At the same time, we must act. Humility need not engender quiescence. We may not understand sin or suffering, but neither are we propelled in dark ignorance toward some unknown fate. The robust Lutheran theology of vocation reminds us that each of us has been created for the purpose of doing something and doing it well to the glory of God, not indulging in passivity. Every instance of human evil or error should propel us towards inquiry and reflection. What can we learn from science about the wellsprings of human behavior, from philosophy and theology about pain and suffering and the universe of mind and heart that we occupy? How can history help us navigate our future? How can literature and the arts help us understand our situation, respond to our joys and sorrow, nourish the bonds that hold us in community? Phi Beta Kappa, by promoting liberal learning and by celebrating excellence in scholarship, encourages us to believe that we can make advances in human knowledge, that we can address the ills of our condition, that learning matters. Membership in this society invests us with the responsibility to use our gifts and our energies to good purpose.
We must reach out. Dean of Students Greg Kneser sent an eloquent and deeply felt message to the St. Olaf campus on the morning of the shootings in which he reminded us that “There are no easy answers here. What we do provide is community that expects mutual support of each other, that celebrates daily life, that bears on, and that works to serve as an example of civility and caring . . . . Tomorrow, as every day, we have Chapel. We have each other, and we have our extended families. In each of these, we can find community, comfort and a sense of security that is more lasting than locks and hardware.” This was well said. We are sustained in the midst of suffering and in the knowledge of our limitations by the web of relationships that links us to one another and by the countless interactions we share everyday with family, friends, and colleagues that affirm our interconnectedness, express our love, affection, or regard for others, and that buoy them in their daily journey. Community sustains and heals. The shootings at Virginia Tech should impel us to come together, as we have here tonight, not to despair alone. The strength and resilience of our community distinguishes our college. The hand-hewn structure that houses the memorial wind chimes located in the heart of campus gives presence to our ability to find strength and beauty in the remembrance of pain and sorrow. We must draw strength from our community and seek ways to impart that strength beyond Manitou Heights.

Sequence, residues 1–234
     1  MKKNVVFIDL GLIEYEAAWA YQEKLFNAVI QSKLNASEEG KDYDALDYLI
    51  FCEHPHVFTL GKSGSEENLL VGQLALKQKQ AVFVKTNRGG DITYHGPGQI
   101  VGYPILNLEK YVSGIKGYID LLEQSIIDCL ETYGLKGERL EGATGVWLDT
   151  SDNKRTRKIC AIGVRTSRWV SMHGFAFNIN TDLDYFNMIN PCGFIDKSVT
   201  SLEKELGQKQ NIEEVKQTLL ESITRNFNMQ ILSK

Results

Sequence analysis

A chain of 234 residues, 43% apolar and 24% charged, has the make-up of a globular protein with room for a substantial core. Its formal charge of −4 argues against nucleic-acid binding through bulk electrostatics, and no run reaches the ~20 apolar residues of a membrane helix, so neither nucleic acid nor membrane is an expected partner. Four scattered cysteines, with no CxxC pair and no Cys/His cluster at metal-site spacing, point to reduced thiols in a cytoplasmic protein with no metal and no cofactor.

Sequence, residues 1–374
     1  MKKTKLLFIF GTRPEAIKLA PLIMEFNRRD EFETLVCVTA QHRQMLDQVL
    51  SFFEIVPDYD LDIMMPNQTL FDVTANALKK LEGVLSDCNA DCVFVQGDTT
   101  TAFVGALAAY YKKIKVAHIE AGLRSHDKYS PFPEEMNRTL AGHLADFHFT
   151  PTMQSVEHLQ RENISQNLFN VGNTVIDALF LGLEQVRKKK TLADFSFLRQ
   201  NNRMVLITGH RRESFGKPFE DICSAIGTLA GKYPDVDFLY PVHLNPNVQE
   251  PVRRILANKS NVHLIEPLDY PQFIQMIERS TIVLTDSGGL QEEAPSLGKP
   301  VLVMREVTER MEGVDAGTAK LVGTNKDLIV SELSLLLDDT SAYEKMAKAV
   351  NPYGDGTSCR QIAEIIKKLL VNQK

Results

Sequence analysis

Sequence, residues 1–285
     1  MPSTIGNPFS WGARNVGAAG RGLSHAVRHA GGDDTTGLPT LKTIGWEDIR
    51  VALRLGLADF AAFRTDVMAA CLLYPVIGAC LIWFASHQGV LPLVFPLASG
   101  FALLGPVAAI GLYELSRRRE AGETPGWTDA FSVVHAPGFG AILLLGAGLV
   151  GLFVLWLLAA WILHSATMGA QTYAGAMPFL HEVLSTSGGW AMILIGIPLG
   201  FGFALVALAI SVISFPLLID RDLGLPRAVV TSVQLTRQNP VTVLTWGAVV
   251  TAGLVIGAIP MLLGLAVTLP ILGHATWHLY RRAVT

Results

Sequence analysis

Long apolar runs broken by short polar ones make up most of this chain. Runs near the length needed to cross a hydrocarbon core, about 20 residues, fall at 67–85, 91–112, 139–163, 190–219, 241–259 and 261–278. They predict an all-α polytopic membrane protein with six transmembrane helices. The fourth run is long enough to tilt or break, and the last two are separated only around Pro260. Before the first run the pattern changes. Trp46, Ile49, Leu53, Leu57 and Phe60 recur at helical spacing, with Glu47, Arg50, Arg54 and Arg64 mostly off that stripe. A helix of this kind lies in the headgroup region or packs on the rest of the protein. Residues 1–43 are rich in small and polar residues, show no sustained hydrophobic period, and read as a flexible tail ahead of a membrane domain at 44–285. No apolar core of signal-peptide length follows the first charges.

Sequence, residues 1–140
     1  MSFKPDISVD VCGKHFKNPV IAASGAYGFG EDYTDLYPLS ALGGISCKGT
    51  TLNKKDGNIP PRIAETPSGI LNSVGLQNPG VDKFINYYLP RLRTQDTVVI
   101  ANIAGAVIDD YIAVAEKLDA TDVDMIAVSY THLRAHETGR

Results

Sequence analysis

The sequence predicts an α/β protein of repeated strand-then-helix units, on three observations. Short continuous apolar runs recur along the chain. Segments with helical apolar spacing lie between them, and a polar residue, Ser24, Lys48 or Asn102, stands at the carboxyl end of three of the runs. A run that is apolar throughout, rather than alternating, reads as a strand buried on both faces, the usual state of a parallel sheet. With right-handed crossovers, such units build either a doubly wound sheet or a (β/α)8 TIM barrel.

We must believe. St. Olaf College is a community of faith populated by believers who profess their faith in a living God, celebrate that faith in daily worship, and pursue their free academic inquiry in a context shaped by their belief. The faith of this community, like the faith of Christians everywhere, has been tested by pain and suffering before, and it will be again. But our faith gives us strength precisely at times like this when our human powers are simply inadequate to understand our world. The benevolent God who created and sustains this world sustains us in times of grief and wonder with the strength to approach the unanswerable and the endurance to persist in our questioning. It will take all of our faculties—heart, mind, soul, and imagination—to incorporate these shootings into our map of human experience, our understanding of ourselves, and our concept of the divine.
It will also take time. In the coming days we will learn more about the troubled man who brought death to the campus of Virginia Tech, and we will learn about the lives cut short by his actions. Colleges will be asking what they can do differently to protect those who work and study there from violence and how they can better respond should violence occur in their midst. Spring will progress in Minnesota. The academic semester will conclude at St. Olaf, seniors will graduate, and around the country hundreds of members of the class of 2011 will begin to prepare themselves to come to Northfield to begin college. Next year at this time the new inductees to Phi Beta Kappa will hear a very different message from a different speaker. Institutions persevere. Life goes on. But tonight, muted in our celebration, let us remember all those who are suffering because of what happened in Virginia, and let us re-dedicate ourselves to using the gift of intellect to repair our wounded world.
David R. Anderson ’74